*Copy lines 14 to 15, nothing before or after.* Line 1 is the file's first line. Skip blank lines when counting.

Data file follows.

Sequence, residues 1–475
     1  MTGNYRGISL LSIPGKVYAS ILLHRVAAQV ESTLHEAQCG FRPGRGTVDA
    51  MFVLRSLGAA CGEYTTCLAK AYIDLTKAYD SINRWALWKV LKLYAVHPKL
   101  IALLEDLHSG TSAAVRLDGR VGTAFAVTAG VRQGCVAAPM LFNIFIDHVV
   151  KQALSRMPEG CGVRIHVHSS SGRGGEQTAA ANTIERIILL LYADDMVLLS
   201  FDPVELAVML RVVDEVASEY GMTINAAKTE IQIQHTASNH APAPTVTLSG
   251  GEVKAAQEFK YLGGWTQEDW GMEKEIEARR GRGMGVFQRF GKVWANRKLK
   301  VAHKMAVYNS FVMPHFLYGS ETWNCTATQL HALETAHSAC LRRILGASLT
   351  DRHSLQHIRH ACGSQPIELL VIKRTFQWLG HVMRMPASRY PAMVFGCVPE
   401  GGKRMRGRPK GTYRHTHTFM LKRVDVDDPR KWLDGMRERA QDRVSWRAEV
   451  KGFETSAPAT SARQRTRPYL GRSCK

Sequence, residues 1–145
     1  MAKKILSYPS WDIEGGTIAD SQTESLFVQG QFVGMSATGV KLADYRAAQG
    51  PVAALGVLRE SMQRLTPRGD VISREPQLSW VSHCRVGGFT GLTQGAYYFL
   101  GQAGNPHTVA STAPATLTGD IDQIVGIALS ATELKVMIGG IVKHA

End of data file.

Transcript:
    51  PVAALGVLRE SMQRLTPRGD VISREPQLSW VSHCRVGGFT GLTQGAYYFL
   101  GQAGNPHTVA STAPATLTGD IDQIVGIALS ATELKVMIGG IVKHA